A temporary, 500-slot pre-launch gaming facility will open this summer in Kings Mountain. Donated image A federal lawsuit challenging the U.S. Department of Interior’s decision to allow the South Carolina-based Catawba Indian Nation to build a casino in Cleveland County is far from resolution, but the tribe is proceeding with plans to begin gaming on the site — though at a slower pace than originally intended.
The Catawba will open a temporary pre-launch facility this summer, a prefabricated modular construction that will offer guests 500 slot machines and food trucks, as well as alcoholic beverages once the tribe secures its liquor license.
At the July 2020 groundbreaking , the Catawba announced plans to open a 1,300-machine introductory facility in summer 2021, featuring food, beverages and entertainment in addition to slots. However, as the lawsuit wore on, tribal leaders decided to delay construction until after the court reached its decision.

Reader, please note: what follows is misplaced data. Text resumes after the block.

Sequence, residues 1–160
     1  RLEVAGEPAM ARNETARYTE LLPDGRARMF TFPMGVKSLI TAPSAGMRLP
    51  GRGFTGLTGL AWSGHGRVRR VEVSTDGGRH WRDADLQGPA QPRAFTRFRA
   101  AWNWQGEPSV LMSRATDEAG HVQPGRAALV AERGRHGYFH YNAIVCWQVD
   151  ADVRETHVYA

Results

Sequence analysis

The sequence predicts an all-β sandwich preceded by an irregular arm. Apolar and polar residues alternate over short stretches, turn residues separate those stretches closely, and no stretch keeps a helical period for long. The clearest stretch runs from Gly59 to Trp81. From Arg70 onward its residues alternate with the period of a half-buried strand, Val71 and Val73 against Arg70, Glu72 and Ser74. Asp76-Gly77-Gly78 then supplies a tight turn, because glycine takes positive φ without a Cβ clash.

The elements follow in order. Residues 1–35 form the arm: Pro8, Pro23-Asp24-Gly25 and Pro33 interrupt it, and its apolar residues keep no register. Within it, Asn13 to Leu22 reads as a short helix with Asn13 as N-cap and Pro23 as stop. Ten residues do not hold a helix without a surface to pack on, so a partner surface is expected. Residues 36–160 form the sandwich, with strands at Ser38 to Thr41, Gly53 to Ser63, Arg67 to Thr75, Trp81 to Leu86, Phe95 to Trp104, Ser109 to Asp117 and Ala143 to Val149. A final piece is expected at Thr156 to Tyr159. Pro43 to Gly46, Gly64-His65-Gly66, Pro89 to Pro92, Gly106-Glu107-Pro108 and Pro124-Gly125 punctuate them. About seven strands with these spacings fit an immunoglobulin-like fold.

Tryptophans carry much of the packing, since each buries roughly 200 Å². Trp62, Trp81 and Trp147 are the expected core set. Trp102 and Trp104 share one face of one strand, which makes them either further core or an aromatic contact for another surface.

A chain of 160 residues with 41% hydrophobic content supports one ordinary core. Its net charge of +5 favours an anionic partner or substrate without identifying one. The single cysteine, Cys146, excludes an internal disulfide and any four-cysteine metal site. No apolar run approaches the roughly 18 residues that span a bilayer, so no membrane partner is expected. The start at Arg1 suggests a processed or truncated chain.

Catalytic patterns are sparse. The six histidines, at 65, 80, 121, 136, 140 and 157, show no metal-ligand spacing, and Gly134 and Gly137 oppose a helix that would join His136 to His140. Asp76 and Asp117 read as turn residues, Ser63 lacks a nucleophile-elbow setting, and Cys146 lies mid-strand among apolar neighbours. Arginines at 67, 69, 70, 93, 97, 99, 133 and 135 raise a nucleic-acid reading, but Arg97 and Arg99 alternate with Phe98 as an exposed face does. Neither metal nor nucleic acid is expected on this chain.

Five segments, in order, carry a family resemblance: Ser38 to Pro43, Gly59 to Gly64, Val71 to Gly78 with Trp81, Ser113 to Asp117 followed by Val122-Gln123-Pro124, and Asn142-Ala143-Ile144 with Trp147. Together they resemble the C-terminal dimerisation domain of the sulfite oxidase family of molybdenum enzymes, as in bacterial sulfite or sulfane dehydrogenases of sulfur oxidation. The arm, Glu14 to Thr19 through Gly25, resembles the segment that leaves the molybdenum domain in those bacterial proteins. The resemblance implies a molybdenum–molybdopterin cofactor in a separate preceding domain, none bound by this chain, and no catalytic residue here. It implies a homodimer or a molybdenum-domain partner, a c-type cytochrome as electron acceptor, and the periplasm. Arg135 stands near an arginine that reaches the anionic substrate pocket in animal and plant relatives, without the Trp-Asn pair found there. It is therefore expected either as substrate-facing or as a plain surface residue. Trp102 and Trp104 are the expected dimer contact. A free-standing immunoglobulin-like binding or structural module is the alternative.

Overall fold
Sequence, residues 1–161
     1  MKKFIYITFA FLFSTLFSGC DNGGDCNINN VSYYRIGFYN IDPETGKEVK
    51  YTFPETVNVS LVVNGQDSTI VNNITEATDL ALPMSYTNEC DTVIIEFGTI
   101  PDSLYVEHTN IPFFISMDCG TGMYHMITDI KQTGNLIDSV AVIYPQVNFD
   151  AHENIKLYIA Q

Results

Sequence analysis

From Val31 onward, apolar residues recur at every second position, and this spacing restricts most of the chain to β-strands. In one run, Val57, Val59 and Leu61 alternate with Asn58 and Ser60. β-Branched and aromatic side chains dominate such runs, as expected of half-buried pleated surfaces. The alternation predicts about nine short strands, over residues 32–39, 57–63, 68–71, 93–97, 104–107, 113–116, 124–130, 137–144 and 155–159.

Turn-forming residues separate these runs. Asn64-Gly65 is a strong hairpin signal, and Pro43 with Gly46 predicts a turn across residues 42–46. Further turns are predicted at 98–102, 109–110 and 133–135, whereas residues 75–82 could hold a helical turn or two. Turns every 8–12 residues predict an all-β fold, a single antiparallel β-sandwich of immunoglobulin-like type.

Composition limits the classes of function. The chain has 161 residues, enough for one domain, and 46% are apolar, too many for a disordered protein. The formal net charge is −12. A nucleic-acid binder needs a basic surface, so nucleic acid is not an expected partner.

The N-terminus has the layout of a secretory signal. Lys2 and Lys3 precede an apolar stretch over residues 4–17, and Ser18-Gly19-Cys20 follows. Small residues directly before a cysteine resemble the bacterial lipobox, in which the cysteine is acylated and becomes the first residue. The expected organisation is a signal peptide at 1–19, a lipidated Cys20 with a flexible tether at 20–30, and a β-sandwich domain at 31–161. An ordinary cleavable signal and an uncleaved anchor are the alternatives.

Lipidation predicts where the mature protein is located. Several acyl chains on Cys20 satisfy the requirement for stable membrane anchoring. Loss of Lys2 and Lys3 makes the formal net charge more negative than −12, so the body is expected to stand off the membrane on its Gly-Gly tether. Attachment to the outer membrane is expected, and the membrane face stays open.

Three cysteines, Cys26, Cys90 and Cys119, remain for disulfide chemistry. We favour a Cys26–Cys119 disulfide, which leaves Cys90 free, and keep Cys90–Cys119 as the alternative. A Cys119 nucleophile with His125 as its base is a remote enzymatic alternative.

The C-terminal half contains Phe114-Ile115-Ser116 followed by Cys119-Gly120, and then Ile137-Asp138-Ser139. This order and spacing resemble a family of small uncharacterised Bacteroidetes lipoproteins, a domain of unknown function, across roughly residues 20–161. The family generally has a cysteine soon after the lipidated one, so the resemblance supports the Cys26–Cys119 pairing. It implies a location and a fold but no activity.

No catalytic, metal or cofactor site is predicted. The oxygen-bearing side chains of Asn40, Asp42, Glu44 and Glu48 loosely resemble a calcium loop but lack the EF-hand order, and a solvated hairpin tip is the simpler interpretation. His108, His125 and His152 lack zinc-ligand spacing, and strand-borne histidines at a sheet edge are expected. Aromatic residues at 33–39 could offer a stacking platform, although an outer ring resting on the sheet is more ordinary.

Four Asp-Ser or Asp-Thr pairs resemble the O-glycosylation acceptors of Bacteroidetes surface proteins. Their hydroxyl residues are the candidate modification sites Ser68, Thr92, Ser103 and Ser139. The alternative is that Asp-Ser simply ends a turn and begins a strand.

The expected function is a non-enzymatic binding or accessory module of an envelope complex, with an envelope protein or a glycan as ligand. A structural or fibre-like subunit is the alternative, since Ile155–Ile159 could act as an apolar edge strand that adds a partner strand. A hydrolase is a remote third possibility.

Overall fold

“As we saw the slowdown in D.C. on getting some of the questions answered, we took a step back and said, ‘OK, what can we do?’” said Catawba Chief Bill Harris during a Zoom interview last week. The 500-slot modular facility opening this summer will eventually be torn down when the 1,300-slot building comes online, likely next year, but in the meantime it will allow the Catawba to start training employees and pulling in revenue while the court process unfolds.
When fully built, the $273 million casino resort is expected to create 2,600 permanent jobs and generate $308 million per year in direct economic […]